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Endpoint:
additional toxicological information
Type of information:
experimental study
Adequacy of study:
supporting study
Study period:
No data
Reliability:
2 (reliable with restrictions)
Rationale for reliability incl. deficiencies:
other: see 'Remark'
Remarks:
Meets generally accepted scientific standards with acceptable restrictions. This study is conducted on an analogue substance. Read-across is justified on the following basis: In aqueous solutions at physiological and acidic pH, low concentrations of simple inorganic borates such as boric acid, disodium tetraborate decahydrate, disodium tetraborate pentahydrate, boric oxide and disodium octaborate tetrahydrate will predominantly exist as undissociated boric acid. At about pH 10 the metaborate anion (B(OH)4-) becomes the main species in solution (WHO, 1998). This leads to the conclusion that the main species in the plasma of mammals and in the environment is un-dissociated boric acid. Since other borates dissociate to form boric acid in aqueous solutions, they too can be considered to exist as un-dissociated boric acid under the same conditions. For comparative purposes, exposures to borates are often expressed in terms of boron (B) equivalents based on the fraction of boron in the source substance on a molecular weight basis. Some studies express dose in terms of B, whereas other studies express the dose in units of boric acid. Since the systemic effects and some of the local effects can be traced back to boric acid, results from one substance can be transferred to also evaluate the another substance on the basis of boron equivalents. Therefore data obtained from studies with these borates can be read across in the human health assessment for each individual substance. Conversion factors are given in the table below. This study is conducted on an analogue substance. Read-across is justified on the following basis: In aqueous solutions at physiological and acidic pH, low concentrations of simple inorganic borates such as boric acid, disodium tetraborate decahydrate, disodium tetraborate pentahydrate, boric oxide and disodium octaborate tetrahydrate will predominantly exist as undissociated boric acid. At about pH 10 the metaborate anion (B(OH)4-) becomes the main species in solution (WHO, 1998). This leads to the conclusion that the main species in the plasma of mammals and in the environment is un-dissociated boric acid. Since other borates dissociate to form boric acid in aqueous solutions, they too can be considered to exist as un-dissociated boric acid under the same conditions. For comparative purposes, exposures to borates are often expressed in terms of boron (B) equivalents based on the fraction of boron in the source substance on a molecular weight basis. Some studies express dose in terms of B, whereas other studies express the dose in units of boric acid. Since the systemic effects and some of the local effects can be traced back to boric acid, results from one substance can be transferred to also evaluate the another substance on the basis of boron equivalents. Therefore data obtained from studies with these borates can be read across in the human health assessment for each individual substance. Conversion factors are given in the table below. Conversion factor for equivalent dose of B Boric acid H3BO3 0.175 Boric Oxide B2O3 0.311 Disodium tetraborate anhydrous Na2B4O7 0.215 Disodium tetraborate pentahydrate Na2B4O7•5H2O 0.148 Disodium tetraborate decahydrate Na2B4O7•10H2O 0.113 Disodium octaborate tetrahydrate Na2B8O13•4H2O 0.210 Sodium metaborate (anhydrous) NaBO2 0.1643 Sodium metaborate (dihydrate) NaBO2•2H2O 0.1062 Sodium metaborate (tetrahydrate) NaBO2•4H2O 0.0784 Sodium pentaborate (anhydrous) NaB5O8 0.2636 Sodium pentaborate (pentahydrate) NaB5O8∙5H2O 0.1832 References: WHO. Guidelines for drinking-water quality, Addendum to Volume 1, 1998.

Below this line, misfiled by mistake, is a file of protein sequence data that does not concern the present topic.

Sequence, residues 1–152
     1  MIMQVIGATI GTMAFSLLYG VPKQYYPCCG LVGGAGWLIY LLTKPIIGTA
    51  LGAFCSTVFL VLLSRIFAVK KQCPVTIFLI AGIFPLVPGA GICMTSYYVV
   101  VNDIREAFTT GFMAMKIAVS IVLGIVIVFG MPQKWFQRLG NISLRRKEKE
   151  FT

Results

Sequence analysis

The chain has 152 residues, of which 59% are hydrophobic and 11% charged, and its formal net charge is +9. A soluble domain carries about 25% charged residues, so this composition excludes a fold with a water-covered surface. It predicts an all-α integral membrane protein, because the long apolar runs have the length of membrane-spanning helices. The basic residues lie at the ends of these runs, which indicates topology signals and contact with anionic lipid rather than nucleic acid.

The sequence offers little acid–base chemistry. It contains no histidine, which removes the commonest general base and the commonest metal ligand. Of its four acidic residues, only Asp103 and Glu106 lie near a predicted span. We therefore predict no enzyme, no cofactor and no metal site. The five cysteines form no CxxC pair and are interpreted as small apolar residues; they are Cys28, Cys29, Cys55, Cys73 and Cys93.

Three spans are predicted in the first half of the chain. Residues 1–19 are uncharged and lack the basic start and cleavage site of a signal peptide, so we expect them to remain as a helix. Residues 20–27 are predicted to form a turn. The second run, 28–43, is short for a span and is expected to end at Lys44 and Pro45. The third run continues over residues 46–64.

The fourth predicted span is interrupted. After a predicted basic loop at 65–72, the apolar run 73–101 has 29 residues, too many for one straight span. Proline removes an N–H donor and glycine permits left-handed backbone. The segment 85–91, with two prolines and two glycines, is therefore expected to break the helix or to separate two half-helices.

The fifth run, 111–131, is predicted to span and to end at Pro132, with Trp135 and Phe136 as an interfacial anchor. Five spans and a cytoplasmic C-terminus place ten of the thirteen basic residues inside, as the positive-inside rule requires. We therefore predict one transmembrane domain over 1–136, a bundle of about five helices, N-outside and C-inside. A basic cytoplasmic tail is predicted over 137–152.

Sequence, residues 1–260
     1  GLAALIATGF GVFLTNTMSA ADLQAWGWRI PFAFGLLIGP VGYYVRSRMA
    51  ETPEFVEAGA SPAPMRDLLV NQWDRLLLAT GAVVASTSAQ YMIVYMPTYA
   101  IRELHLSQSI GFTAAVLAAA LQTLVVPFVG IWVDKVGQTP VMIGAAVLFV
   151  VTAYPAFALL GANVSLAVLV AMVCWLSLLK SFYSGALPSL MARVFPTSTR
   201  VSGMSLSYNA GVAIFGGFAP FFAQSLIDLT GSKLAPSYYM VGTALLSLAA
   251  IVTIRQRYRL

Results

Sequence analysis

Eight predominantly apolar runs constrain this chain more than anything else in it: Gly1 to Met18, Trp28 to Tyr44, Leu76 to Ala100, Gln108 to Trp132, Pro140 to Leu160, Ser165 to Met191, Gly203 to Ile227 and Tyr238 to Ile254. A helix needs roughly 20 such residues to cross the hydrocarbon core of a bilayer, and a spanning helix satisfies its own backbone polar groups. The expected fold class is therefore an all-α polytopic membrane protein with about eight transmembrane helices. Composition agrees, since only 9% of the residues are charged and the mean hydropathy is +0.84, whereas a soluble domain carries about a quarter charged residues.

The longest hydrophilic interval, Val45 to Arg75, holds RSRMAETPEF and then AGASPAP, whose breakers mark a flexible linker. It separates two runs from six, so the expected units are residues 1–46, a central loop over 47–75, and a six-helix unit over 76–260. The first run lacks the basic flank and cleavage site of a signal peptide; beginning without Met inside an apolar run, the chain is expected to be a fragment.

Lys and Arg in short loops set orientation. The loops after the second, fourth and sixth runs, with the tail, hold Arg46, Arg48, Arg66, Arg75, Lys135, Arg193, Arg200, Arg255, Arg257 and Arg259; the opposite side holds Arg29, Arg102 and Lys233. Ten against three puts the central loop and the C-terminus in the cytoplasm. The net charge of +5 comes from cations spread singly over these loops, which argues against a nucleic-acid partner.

Data source